Emily Bagg (Portsmouth) acknowledged pastoral reorganisation to have been the right thing for the parish, but it had caused “deep harm to my husband, which led him to deeply question his calling”. Pastoral reorganisation was “a juggernaut that could not be stopped, even by the pandemic”. The tax implications of compensation had left the couple paying almost £20,000 on taxation at source. There had to be a better way, she said.
Canon Kathryn Fitzsimons (Leeds) referred to the dilemma of the Epiphany, Gipton: a 20th-century, Grade I listed building on a Leeds estate, with a “wow factor” but no community ownership of the building. Closing it would be the nuclear option. “If we are to retain responsibility for the nation’s treasures, it needs to be shared wider than the parish.”
Legislation must be in step with the imaginative ways of being a mission-shaped diocese, and that was not the case at present, the Bishop of Gloucester, the Rt Revd Rachel Treweek, said. She declared it “ludicrous” that such endeavours could be stopped by one or two people, and pleaded for trust and joined-up thinking.
Martin Kingston (Gloucester) said that geographical flexibility and lay and clergy involvement was paramount. “Emily Bagg has highlighted the human face of getting it right. It needs to feel like something driven by local priorities: centrally only when some important principle or point of law is involved.”
Wendy Coombey (Hereford) urged conversation with the Government and with partners, so as not to jeopardise the mission activity of the Church, especially as it had emerged during the pandemic.
The Bishop of Bristol, the Rt Revd Vivienne Faull, emphasised the importance of keeping the ecclesiastical exemption, which would need detailed and long-term conversation with the Government and Treasury. She looked forward to “building up trust”.
Philip Blinkhorn (Manchester) said that all the current processes were built around occasional cases. It was no good continuing like that. “In Manchester, we are looking at multiple closures over a ten-year period. Some were failing before the pandemic: in the most egregious case, the PCC decided to close and hand the keys back to the diocese.”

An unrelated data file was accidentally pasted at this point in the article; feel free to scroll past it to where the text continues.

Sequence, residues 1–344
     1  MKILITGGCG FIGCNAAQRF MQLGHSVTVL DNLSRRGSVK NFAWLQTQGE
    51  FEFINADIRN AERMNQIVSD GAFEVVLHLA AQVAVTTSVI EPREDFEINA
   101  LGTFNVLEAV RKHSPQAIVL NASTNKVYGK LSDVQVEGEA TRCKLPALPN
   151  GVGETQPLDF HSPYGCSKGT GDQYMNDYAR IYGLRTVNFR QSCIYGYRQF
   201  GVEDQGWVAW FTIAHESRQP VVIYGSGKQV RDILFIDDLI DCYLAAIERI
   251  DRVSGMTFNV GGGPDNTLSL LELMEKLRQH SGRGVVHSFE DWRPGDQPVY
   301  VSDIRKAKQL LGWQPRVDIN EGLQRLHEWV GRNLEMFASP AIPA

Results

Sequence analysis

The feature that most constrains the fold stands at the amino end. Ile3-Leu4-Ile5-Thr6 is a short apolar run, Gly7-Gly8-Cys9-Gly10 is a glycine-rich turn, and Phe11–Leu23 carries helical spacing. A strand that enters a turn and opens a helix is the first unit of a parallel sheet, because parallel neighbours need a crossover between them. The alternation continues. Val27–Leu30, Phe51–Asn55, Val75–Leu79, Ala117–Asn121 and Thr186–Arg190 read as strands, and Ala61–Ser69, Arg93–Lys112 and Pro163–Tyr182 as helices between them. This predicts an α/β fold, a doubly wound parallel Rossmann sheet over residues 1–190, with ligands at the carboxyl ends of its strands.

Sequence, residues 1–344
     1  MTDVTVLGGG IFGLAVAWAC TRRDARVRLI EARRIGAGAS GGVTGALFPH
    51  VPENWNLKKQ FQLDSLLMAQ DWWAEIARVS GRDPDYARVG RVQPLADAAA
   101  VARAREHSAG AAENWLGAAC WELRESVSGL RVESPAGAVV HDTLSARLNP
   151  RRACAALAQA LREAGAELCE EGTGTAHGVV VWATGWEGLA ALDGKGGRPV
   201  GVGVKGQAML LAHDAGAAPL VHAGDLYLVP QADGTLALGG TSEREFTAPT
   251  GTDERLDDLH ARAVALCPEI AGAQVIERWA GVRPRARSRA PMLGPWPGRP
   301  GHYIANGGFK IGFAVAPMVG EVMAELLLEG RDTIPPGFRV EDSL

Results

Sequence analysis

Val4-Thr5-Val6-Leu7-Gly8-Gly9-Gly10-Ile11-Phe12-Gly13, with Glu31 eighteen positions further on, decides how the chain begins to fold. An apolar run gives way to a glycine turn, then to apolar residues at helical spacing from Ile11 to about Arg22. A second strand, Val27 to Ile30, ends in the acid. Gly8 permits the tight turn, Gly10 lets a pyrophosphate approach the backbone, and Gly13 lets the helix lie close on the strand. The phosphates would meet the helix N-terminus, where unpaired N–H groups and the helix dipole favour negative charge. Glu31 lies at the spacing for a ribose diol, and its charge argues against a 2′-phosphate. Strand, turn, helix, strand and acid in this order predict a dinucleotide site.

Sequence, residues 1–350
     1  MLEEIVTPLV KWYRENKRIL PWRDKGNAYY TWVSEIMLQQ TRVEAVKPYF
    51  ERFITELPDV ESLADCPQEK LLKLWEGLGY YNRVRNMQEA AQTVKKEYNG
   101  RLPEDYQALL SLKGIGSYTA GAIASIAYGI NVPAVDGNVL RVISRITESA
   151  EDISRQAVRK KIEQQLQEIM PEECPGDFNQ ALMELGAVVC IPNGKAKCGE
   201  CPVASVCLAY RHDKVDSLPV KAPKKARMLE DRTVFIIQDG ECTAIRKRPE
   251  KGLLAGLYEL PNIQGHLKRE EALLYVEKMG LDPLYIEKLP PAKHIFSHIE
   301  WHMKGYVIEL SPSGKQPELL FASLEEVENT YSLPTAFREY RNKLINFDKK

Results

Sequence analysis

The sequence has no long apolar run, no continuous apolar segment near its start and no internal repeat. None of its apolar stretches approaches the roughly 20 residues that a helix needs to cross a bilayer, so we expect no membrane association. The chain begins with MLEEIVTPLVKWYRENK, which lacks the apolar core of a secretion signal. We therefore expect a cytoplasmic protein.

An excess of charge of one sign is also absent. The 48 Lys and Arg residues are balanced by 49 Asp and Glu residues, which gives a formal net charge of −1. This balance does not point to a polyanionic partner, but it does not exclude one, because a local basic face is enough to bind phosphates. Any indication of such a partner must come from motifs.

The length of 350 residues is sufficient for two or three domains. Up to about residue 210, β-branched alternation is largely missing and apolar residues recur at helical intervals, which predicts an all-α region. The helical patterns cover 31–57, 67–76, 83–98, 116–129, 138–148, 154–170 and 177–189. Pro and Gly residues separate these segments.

Canon Simon Talbott (Ely) called for “a robust set of codes of practice, and HR and pastoral support for dispossessed clergy and families”.
The Archdeacon of London, the Ven. Luke Miller (London), wanted to ensure that there were enough checks and balances, but without putting blockages in place, and nothing that would undermine trust.
The Revd Michael Read (Manchester) knew from experience how hard it was for PCCs to make these decisions. There needed to be a period between decision and closure, with advance reports before any announcement went to the community.
Jay Greene (Winchester) urged members to come to their own conclusions and respond to the consultation.
The Revd Mark Lucas (Peterborough) said that the diversity of ecclesiastical expressions was one of the C of E’s great strengths, maintained in part by the patronage system: he was concerned that the report could be read as seeing it as a hindrance, and patronage would be abolished.
The motion was carried by 278-2, with seven recorded abstentions. It read:
That this Synod
a) welcome the consultation paper Mission in Revision: A Review of the Mission and Pastoral Measure 2011 (GS 2222);
b) commend it for discussion; and
c) invite the Archbishops’ Council, the Legislative Reform Committee and the Church Commissioners to bring forward draft legislation for consideration by the Synod no later than July 2022.
An eight-week formal consultation period follows.